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RE: FW: [Mingw-msys] How do I recreate the MSYS distribution?

On Wed, 2007-10-24 at 14:55 -0400, Brandon Van Every wrote:
> On 10/24/07, Keith Marshall <keithmarshall@xxxxxxxxxxxxxxxxxxxxx> wrote:
> > On Tue, 2007-10-23 at 10:33 -0400, Bill Hoffman wrote:
> >
> > > So, the default install location for CMake on msys is currently the
> > > "program files" directory as it is for the microsoft and borland
> > > compilers.
> >
> > That seems a rather draconian restriction; the installation directory
> > can be anywhere the user wants it to be, and the standard supported by
> > MSYS is that each source package sets its own default.
> What restriction?  He said "the default" install location is
> %ProgramFiles%.  It is easy for the end user to specify something
> else.  It isn't difficult for the project to specify something else.

Well, that isn't the impression I obtained, when I read through the
thread on the Cmake list; however, since I don't use Cmake, I'll take
your word for it.

> The question is, what should be the default when neither the user nor
> the project has specified anything?  The choices are:
> - have a default install location
> - issue an error and don't allow any installation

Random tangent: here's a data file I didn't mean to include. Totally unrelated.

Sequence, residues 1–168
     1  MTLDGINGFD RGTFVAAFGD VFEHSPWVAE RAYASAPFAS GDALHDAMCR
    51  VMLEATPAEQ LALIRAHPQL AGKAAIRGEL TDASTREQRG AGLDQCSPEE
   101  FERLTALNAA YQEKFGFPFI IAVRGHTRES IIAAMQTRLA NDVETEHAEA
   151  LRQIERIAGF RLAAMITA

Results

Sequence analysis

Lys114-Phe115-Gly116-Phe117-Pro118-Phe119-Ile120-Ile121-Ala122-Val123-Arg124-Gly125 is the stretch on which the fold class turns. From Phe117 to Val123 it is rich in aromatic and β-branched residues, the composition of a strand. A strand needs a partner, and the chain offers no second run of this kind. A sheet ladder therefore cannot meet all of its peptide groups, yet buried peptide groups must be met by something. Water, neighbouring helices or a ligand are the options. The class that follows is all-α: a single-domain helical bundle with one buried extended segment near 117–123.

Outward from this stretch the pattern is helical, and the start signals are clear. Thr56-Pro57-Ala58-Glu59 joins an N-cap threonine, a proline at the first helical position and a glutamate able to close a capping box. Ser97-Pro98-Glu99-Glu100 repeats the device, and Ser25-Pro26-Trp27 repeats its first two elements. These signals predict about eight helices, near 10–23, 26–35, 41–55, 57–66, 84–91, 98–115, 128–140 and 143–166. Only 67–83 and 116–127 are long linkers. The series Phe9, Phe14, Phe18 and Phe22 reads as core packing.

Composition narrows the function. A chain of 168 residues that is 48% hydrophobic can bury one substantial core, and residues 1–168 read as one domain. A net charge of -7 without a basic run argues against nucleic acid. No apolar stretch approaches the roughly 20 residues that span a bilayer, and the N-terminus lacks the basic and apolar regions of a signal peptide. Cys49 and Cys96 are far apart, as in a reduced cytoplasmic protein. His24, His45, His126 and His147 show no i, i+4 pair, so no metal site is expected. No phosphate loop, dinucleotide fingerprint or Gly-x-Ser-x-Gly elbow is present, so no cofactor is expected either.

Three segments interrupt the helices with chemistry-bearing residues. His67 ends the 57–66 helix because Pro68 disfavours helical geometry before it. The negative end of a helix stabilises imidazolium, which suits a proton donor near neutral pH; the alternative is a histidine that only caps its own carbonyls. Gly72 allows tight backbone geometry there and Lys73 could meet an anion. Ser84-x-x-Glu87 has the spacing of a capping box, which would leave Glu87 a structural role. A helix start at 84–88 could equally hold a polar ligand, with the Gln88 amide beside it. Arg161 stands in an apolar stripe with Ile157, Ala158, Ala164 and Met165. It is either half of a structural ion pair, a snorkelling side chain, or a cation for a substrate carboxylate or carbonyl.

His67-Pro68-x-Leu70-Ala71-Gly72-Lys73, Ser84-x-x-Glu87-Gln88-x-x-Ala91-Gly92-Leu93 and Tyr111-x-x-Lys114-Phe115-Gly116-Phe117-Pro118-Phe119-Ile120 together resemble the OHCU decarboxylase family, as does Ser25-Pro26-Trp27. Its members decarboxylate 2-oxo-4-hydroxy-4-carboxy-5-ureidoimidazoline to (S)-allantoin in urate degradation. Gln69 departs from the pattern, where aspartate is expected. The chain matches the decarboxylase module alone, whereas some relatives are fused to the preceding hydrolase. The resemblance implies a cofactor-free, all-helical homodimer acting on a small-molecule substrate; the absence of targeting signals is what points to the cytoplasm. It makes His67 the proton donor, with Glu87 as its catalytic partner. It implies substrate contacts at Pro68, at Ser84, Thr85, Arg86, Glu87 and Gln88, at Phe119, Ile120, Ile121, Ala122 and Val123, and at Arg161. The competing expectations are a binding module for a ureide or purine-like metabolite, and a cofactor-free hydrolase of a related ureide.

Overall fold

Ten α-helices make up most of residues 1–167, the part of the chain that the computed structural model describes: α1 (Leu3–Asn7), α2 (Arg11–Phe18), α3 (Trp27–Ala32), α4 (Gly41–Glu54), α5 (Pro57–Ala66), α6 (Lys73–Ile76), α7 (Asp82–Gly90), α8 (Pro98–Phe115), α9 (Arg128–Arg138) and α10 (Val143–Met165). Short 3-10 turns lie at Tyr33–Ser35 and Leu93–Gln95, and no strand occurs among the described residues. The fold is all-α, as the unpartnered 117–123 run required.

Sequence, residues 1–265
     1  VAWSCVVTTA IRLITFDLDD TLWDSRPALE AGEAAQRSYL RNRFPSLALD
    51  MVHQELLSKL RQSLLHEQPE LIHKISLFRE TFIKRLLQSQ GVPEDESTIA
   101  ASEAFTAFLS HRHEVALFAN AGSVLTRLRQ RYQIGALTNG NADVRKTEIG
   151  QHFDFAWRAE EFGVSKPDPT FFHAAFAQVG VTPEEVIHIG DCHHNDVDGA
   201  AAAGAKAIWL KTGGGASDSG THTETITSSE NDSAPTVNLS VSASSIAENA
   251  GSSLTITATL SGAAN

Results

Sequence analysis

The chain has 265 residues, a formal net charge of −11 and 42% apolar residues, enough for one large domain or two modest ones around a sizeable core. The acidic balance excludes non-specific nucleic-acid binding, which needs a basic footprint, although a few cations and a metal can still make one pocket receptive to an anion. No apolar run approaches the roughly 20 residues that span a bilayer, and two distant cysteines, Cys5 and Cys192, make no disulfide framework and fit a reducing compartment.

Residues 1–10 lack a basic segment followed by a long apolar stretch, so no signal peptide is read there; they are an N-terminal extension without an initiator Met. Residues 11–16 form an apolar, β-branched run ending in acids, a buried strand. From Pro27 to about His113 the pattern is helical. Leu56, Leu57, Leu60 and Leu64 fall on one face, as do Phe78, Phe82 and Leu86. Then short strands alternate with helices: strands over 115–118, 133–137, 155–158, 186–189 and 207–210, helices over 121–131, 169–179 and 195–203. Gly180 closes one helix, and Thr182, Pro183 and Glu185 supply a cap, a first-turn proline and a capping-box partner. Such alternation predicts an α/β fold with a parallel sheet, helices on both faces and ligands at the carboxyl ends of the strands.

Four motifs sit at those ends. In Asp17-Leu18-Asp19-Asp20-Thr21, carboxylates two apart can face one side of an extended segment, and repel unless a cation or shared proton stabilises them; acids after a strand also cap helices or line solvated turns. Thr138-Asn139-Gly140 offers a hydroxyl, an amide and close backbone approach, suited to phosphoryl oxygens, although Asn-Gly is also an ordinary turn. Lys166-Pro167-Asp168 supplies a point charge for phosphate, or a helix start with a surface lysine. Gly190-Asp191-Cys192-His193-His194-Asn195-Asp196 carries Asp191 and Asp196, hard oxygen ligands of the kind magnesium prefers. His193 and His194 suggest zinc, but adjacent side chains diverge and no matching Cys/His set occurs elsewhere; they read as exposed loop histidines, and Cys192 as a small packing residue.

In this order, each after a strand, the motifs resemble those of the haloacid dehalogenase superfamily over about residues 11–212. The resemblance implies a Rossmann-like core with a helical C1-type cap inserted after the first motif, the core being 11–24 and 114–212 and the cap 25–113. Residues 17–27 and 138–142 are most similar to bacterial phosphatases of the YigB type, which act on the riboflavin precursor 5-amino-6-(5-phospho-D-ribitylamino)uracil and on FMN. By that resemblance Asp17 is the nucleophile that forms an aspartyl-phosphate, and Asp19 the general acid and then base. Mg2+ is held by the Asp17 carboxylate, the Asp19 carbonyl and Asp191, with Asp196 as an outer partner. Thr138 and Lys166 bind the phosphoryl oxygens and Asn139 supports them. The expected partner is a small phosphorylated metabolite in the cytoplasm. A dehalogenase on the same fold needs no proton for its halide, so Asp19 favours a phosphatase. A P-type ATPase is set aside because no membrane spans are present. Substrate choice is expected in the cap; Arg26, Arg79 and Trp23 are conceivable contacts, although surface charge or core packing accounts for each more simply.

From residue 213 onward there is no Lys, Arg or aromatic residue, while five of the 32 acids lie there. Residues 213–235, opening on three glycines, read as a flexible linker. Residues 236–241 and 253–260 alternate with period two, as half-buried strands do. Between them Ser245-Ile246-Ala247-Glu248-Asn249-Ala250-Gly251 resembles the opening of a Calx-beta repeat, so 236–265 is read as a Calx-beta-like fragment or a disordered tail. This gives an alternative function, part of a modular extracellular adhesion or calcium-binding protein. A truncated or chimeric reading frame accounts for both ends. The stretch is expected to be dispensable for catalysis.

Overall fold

> I don't see any advantage to the latter.

Neither do I.

> So we are merely discussing a default of %ProgramFiles%
> vs. /usr/local.  Current thinking is that MSYS is for developing
> native Windows apps, therefore use %ProgramFiles%.

No MSYS developer is likely to recommend %ProgramFiles%; typically that
will resolve to something with spaces in the directory names, and we've
seen far too many problems which can be directly attributed to that
asinine practice, reported on our mailing lists and our bug trackers.

> > which relies not only on the MSYS sh.exe being the first sh.exe found in
> > the PATH, but also on /usr/local existing within the MSYS virtual file
> > system, (it doesn't, in a standard MSYS installation, unless the user
> > chooses to explicitly create it).
> Which also makes %ProgramFiles% the path of least resistance.  It
> exists on any Windows system that isn't broken.

No.  The path of least resistance for a typical MSYS installation, which
normally includes a parallel MinGW installation, is /mingw.

> > > The big question is should it be done?  The strongest argument for
> > > using /usr/local as the install location, is that autotools based
> > > projects use /usr/local as the default install location.
> >
> > It has nothing to do with the autotools, per se; the GNU Coding
> > Standards require it, and it is the default for many Open Source
> > projects, irrespective of whether they use autotools or not.
> Heh, following the GNU Coding Standards for native Windows development
> is like asking Microsoft to decide the fate of the Free Software
> Foundation.  :-)

I'm not saying we should slavishly follow them; it's simply because MSYS
is good for porting projects which do follow them, that we see that as
the default in so many of the packages we work with.

(FTR, we do adopt the GCS style for our ChangeLogs, but little else).